Keeping Up with the Times: Make Sure You’re Using the Correct Form I-9

To ring-in the new year, the United States Citizenship and Immigration Services (USCIS) released a new Form I-9 (which you can access HERE). The new I-9 was officially released on January 31, 2020, and employers should begin using it immediately. It contains minor changes to the form itself and the instructions. According to the USCIS, the changes include:

  • Revision of the Country of Issuance field in Section 1 and the Issuing Authority field (when selecting a foreign passport) in Section 2 to add Eswatini and Macedonia, North per those countries’ recent name changes;
  • Clarification of who can act as an authorized representative on behalf of an employer;
  •  Updates to the USCIS website addresses;
  • Clarifications on acceptable documents for Form I-9;
  • Updates to the process for requesting paper Forms I-9; and
  • Updates to the DHS Privacy Notice

If you haven’t started using the new Form I-9, don’t panic! The USCIS allows employers a three-month grace period, during which the old form (dated 07/17/2017) may be used. This means that you must use only the new Form I-9 beginning on May 1, 2020.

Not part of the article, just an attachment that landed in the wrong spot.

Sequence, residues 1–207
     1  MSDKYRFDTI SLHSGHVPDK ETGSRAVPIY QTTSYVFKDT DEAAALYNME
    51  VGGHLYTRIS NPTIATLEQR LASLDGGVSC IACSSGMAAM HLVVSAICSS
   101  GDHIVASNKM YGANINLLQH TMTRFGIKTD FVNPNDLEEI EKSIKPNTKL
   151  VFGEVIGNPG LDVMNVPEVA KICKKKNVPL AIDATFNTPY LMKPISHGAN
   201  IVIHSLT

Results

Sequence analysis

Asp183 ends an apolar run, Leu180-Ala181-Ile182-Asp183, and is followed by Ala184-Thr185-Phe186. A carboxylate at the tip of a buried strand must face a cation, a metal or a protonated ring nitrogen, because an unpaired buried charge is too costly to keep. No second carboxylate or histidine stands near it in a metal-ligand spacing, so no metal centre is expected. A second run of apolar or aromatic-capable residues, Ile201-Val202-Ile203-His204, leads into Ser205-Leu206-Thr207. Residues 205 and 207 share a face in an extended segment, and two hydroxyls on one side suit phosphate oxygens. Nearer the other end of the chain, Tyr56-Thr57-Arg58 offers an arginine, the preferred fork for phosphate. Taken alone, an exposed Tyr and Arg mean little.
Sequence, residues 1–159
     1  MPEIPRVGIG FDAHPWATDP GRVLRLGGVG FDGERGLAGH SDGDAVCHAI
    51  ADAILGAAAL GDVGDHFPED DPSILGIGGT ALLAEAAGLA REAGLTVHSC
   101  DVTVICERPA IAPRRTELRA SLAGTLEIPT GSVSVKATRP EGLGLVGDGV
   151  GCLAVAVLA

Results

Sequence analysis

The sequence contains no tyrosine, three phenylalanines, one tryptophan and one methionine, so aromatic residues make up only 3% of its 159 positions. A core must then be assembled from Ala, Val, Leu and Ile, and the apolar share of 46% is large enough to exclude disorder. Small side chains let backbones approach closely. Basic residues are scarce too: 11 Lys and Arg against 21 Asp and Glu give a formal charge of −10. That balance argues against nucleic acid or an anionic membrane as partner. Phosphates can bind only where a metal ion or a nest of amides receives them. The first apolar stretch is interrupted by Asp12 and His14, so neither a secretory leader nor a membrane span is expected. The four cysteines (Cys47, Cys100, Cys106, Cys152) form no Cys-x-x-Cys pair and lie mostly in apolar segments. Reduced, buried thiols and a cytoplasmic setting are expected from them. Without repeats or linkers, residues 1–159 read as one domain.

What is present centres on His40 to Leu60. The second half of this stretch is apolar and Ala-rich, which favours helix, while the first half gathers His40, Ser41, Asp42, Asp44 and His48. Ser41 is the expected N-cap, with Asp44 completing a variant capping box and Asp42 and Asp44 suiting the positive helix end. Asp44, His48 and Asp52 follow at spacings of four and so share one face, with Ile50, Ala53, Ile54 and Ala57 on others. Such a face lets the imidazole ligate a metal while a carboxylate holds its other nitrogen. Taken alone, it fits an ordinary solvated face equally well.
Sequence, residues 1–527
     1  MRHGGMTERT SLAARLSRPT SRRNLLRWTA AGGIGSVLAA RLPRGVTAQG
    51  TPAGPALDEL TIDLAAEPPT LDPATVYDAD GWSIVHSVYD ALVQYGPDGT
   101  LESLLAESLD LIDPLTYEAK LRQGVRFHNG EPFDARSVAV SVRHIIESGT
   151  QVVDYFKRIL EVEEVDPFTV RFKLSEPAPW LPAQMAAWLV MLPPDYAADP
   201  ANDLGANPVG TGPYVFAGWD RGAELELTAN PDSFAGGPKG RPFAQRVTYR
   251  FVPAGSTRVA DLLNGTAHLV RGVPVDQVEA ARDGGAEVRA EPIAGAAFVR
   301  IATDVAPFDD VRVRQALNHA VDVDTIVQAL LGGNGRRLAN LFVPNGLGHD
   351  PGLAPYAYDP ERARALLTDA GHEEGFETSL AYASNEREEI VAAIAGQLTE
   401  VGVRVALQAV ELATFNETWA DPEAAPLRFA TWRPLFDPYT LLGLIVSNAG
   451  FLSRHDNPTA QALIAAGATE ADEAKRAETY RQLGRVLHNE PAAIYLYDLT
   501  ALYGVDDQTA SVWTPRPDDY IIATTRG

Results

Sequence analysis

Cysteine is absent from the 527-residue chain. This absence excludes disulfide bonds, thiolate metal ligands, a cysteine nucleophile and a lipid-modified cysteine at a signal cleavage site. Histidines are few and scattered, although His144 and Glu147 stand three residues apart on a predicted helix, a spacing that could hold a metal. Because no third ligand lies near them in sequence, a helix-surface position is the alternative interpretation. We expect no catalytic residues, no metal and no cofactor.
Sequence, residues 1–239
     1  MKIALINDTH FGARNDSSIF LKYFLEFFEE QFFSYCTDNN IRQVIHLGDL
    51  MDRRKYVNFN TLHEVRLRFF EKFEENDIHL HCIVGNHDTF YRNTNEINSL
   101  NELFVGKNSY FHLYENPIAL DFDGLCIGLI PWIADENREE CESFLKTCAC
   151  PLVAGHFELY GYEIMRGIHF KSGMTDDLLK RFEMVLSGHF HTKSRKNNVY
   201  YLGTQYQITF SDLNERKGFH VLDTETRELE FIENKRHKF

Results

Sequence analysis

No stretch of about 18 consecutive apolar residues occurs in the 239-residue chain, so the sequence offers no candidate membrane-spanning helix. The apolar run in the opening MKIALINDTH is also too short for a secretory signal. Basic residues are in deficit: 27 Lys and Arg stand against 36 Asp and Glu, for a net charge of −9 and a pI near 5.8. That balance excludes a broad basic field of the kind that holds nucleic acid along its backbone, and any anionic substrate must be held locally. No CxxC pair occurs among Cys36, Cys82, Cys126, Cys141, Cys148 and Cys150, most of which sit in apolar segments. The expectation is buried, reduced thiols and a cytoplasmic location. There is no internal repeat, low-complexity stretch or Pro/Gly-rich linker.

For more information about the I-9 process and acceptable USCIS procedures (and a free webinar!), the I-9 Central site is a great resource:


This article is not legal advice but should be considered as general guidance in the area of employment and corporate law. Amy DieterichJordan Payne Hay, and James F. Pross are employment and labor law attorneys; others at the firm handle business and other matters.

 Since 1853, Skelton Taintor & Abbott has provided a full range of high-quality legal services to individuals, companies, and municipalities of Maine. The firm’s main office is located in Auburn and in January 2019, a mid-coast office was opened in Waldoboro. You can contact us at 207.784.3200, or by visiting